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Boeing fixes software problem, holds test flight

During the next-step certification flight, Federal Aviation Administration crews will join Boeing pilots in the air to evaluate the new software

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Friday, April 19, 2019

WASHINGTON: Boeing has conducted a final test flight of a 737 Max model with an updated anti-stall system prior to its certification by aviation authorities, the aerospace manufacturer said Wednesday. 

CEO Dennis Muilenberg tweeted a video where he said the test flight was carried out on Tuesday, adding that test pilots have completed 120 flights totalling more than 203 hours of airtime with the software fix for the Maneuvering Characteristics Augmentation System (MCAS).

Investigators have zeroed in on the system as a factor behind the Lion Air and Ethiopian Airlines crashes in October and in March respectively, killing nearly 350 people in total.

In both cases, the planes nose-dived shortly after takeoff, signaling a problem in a system that was deployed to correct for an aerodynamic issue that tended to cause the plane’s nose to pitch up.

“More than 85 percent of the 50-plus Max operators around the globe also have had the opportunity to see the update in action during simulator sessions,” added Muilenberg.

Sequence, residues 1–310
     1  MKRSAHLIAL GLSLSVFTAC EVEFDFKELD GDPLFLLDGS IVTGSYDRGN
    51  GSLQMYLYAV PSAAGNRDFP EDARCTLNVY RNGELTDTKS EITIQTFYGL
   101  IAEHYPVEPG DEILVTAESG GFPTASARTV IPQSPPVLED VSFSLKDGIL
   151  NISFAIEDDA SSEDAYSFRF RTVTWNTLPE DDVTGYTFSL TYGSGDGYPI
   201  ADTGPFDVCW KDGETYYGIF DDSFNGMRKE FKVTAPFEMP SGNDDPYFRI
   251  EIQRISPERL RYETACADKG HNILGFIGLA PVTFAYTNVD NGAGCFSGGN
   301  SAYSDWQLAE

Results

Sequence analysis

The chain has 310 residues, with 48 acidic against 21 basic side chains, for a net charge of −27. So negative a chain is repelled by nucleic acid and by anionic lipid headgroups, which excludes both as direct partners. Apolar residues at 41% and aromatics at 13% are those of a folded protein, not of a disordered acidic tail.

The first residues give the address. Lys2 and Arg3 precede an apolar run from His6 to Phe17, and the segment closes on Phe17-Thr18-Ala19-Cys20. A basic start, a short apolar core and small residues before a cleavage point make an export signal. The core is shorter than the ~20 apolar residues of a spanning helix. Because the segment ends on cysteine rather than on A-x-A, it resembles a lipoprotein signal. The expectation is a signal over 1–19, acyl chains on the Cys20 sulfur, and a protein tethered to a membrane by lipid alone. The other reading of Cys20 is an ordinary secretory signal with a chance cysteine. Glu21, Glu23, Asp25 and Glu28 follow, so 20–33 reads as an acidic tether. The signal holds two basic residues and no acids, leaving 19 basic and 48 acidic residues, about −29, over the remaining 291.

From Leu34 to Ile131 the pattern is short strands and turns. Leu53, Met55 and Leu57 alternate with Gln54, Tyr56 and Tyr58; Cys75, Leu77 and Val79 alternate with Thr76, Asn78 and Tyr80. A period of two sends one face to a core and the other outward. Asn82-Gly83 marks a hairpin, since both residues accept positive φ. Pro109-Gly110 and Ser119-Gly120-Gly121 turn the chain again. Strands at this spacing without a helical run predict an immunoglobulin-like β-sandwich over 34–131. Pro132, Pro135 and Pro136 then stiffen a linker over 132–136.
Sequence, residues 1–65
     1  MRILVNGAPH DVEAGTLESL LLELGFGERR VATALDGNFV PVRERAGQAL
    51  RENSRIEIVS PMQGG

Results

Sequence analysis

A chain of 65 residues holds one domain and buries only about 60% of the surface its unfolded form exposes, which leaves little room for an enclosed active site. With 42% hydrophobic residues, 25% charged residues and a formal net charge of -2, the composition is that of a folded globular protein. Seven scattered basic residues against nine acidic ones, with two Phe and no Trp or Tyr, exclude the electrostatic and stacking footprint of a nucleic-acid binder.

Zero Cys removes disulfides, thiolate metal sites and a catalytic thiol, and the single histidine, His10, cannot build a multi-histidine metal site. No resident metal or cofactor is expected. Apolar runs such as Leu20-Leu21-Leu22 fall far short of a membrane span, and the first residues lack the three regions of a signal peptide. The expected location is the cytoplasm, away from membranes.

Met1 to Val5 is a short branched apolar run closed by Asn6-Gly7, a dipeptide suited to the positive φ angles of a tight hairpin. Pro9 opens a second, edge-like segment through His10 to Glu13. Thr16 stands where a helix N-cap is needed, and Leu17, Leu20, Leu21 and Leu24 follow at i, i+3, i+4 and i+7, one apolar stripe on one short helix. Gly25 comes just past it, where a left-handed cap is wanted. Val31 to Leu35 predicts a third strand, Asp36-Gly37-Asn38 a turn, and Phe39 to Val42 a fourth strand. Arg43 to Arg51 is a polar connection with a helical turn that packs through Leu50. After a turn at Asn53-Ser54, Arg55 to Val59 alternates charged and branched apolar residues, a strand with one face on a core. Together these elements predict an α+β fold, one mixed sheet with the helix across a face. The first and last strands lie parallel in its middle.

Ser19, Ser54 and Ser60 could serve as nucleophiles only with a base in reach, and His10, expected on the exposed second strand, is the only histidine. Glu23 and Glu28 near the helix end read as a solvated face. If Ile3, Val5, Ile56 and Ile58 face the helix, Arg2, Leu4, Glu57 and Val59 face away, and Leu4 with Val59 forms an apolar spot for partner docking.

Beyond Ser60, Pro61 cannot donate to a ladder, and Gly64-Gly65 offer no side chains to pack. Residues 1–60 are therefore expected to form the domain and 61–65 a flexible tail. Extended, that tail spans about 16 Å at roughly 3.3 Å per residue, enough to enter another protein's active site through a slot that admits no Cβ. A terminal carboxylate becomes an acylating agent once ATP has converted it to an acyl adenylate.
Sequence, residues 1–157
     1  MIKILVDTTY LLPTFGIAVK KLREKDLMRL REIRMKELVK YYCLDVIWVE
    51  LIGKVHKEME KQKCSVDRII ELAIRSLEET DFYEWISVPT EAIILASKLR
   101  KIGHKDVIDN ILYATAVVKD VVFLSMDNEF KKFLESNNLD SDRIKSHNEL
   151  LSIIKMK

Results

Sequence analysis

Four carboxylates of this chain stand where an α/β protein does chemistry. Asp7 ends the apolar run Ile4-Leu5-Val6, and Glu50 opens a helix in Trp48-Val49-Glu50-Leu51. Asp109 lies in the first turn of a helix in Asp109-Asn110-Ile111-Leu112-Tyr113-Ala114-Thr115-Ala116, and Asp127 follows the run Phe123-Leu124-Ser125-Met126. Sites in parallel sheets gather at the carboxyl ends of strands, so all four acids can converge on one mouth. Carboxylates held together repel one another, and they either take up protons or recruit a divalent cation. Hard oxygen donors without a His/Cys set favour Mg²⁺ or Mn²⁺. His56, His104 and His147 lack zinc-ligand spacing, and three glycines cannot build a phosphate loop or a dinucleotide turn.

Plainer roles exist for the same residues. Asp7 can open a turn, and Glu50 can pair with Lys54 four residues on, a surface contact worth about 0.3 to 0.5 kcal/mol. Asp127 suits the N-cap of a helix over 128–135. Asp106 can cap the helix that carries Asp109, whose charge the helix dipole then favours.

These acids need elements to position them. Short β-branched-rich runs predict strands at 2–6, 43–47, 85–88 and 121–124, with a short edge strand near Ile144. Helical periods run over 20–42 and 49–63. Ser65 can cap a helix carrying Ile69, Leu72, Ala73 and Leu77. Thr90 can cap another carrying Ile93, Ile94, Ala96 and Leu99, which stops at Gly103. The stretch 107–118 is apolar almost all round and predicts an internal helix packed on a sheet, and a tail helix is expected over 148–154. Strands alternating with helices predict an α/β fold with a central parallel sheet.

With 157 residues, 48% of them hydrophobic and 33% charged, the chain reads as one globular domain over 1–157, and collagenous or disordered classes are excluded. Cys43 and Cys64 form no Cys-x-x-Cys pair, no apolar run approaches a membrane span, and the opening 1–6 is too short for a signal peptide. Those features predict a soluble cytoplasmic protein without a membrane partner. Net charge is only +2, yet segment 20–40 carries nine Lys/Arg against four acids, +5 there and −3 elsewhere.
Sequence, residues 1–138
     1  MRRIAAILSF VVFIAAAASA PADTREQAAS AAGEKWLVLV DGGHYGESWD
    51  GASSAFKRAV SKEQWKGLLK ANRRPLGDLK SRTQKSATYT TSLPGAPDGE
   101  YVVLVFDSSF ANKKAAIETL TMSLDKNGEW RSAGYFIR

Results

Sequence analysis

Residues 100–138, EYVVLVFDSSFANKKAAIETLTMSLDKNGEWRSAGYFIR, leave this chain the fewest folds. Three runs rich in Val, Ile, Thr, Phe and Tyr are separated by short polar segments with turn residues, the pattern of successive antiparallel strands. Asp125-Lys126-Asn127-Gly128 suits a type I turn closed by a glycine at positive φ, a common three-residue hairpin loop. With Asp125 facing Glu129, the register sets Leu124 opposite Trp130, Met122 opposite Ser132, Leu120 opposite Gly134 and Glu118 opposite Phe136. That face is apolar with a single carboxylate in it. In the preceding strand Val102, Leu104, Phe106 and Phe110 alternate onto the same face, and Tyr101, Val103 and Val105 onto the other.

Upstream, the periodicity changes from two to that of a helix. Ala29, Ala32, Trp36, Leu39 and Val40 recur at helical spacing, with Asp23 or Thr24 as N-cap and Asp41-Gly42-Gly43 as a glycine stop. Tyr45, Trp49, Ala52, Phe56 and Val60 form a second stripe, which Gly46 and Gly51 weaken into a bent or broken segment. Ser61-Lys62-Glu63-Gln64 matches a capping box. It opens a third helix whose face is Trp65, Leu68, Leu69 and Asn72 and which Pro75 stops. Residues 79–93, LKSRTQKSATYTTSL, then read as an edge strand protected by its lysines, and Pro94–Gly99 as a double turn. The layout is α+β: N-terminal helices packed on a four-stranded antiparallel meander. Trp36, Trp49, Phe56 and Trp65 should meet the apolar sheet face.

All 737 Max aircraft have been banned from the world’s skies since days after the Ethiopian Airlines crash on March 10.

During the next-step certification flight, Federal Aviation Administration crews will join Boeing pilots in the air to evaluate the new MCAS software and determine whether it addresses problems around the nose of the aircraft being forced down during flight.

FAA certification is necessary for the 737 Max to fly passengers again, and there’s no telling how long that could take. The agency itself is under scrutiny for a cosy relationship with Boeing when the Max was originally certified. So the FAA has extra hurdles to leap before it can satisfy airlines and governments outside the United States that the plane is safe.

Though aviation safety agencies in other countries have typically followed the FAA’s lead in certification matters, The Seattle Times reported Wednesday that Canadian Transport Minister Marc Garneau disagrees with an FAA report that Max pilots wouldn’t need additional simulator training to learn the updated Max software. Air Canada is one of the largest Max customers, with 24 aircraft in its fleet and an additional 77 on order.

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